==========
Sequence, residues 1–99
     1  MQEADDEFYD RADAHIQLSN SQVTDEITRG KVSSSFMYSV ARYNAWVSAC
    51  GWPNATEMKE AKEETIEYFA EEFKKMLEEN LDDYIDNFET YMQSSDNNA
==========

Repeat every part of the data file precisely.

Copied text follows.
Sequence, residues 1–99
     1  MQEADDEFYD RADAHIQLSN SQVTDEITRG KVSSSFMYSV ARYNAWVSAC
    51  GWPNATEMKE AKEETIEYFA EEFKKMLEEN LDDYIDNFET YMQSSDNNA